Saber-Toothed Cat Had Wimpy Bite

Weighing an average of 550 pounds (250 kilograms), this saber-toothed cat, Smilodon fatalis, had a weaker bite than modern-day lions. (Image credit: John Conway)

The saber-toothed cat just lost some of its swagger. Long considered a most fearsome predator among Ice Age giants, at least one species of saber-tooth bit more like a "pussycat," new research suggests.

About the size of a modern African lion, but much heftier, Smilodon fatalis has captured popular imagination for decades, most recently as "Diego" in the animated film "Ice Age." The cat is often referred to as the saber-toothed tiger, though scientists say this is misleading, as Smilodon and related species are more closely related to lions.

While there are several saber-toothed cats, this Smilodon species is the most well-preserved in the fossil record, showing the animal likely prowled across the grasslands of North America and parts of South America until about 9,000 or 10,000 years ago when saber-tooths became extinct.

For more than a century, scientists have debated how the cat used its knife-like teeth called sabers to take down formidable prey, such as bison, horses and perhaps even mammoths.

A new study, posted online today in the journal Proceedings of the National Academy of Sciences, finds the saber-tooth was more of a kitty cat, with a bite with just one-third the strength of a lion.

"For all its reputation, Smilodon had a wimpy bite," said study team member Stephen Wroe, a paleontologist at the University of New South Wales.

Digital crash tests

Wroe, lead author Colin McHenry of the University of Newcastle and colleagues used fossils to digitally reconstruct the skulls of a Smilodon and a lion (Panthera leo).

"We simulated the forces you might expect if each one was taking large prey," McHenry said. The "computerized crash tests" showed if the prey was still on its feet and struggling, the saber-tooth's skull didn't hold up to the associated forces, while the lion's skull did fine.

McHenry likens these forces to a person chomping down on a raging bull. "Imagine biting onto something like a bull at a rodeo while it's trying to buck you off," McHenry told LiveScience. "Imagine the forces that would go through your skull as it's trying to throw you off. The lion skull actually copes with those [forces] really well, but the saber-cat skull doesn't."

The results show the saber-toothed cat had a less-powerful bite compared with the lion, which the scientists suggest is partially due to Smilodon's relatively small lower jaw (a feature that makes space for the cat's lengthy sabers).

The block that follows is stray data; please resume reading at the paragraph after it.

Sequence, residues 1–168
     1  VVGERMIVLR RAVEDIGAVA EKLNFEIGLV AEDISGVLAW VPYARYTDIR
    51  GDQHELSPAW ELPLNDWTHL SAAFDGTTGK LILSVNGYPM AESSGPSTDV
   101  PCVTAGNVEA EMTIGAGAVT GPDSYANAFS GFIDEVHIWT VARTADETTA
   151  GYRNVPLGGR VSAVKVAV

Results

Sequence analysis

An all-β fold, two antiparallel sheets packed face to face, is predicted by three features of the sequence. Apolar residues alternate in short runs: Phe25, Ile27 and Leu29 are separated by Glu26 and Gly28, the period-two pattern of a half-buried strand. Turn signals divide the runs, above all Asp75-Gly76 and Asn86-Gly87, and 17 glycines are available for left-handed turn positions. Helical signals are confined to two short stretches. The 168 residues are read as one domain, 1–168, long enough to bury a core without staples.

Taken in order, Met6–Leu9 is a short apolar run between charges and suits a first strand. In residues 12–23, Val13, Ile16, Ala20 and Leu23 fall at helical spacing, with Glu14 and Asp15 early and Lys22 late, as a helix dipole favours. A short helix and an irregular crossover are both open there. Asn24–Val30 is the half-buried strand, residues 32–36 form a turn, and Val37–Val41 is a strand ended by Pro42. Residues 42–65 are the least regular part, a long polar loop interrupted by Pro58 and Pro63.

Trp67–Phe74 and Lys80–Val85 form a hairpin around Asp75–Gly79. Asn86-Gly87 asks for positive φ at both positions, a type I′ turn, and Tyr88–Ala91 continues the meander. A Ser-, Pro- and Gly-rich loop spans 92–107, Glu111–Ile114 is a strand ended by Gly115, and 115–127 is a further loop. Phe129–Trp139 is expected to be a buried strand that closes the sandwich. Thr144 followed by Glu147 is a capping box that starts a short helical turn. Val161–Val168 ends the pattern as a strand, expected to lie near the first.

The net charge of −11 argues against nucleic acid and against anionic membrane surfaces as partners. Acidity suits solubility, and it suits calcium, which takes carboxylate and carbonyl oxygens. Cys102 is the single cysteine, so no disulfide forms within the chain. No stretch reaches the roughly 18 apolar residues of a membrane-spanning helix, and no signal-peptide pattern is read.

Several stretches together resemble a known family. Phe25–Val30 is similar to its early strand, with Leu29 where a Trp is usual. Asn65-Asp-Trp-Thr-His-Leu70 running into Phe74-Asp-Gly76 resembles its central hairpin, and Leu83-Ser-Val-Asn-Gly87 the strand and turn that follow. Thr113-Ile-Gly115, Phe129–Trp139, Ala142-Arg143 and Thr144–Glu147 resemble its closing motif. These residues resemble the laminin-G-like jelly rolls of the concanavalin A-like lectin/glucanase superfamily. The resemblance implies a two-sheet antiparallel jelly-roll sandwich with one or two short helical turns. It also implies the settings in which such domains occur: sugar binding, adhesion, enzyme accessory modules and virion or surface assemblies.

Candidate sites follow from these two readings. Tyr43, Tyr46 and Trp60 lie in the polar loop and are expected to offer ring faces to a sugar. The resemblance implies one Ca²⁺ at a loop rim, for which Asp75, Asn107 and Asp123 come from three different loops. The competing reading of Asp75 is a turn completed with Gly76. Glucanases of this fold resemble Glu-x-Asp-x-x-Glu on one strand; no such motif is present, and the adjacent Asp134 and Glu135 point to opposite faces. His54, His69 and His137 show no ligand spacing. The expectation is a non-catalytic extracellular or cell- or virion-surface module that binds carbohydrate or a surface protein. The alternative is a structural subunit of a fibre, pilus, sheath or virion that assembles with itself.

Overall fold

Kill style

In order to avoid a butt-whipping but still come away with a meal, the giant cat must have had a different killing style than lions.

"Smilodon was an awesome beast, and what it lacked in bite force it more than made up for elsewhere," Wroe said.

They suggest Smilodon used its powerful forelimbs and oversized claws to take down a prey and restrain the animal before deploying its devastating canine teeth.

"The saber-cat had an immensely powerful body, perfect for wrestling large prey to the ground, and our models show that it needed to do this before trying a bite," McHenry explained. "Killing was more likely applied to the prey's throat, because it is easier to restrain the prey this way. Once the bite was done, the prey would have died almost instantly."

The result would be an ambush followed by a quick kill, the researchers say. In contrast, lions often hold a bite for many minutes to suffocate their large prey.

With such muscle mass for wrestling large prey, Smilodon was not so agile and therefore couldn't snag quick gazelle and antelope, for instance, as lions can. This limitation could be a reason the giant cats went extinct at the end of the last Ice Age.

"[Smilodon] sacrificed the ability to catch small prey, and when the large prey disappeared at the end of the last Ice Age, it went with them," McHenry said.

Jeanna Bryner
Live Science Editor-in-Chief

Jeanna served as editor-in-chief of Live Science. Previously, she was an assistant editor at Scholastic's Science World magazine. Jeanna has an English degree from Salisbury University, a master's degree in biogeochemistry and environmental sciences from the University of Maryland, and a graduate science journalism degree from New York University. She has worked as a biologist in Florida, where she monitored wetlands and did field surveys for endangered species. She also received an ocean sciences journalism fellowship from Woods Hole Oceanographic Institution.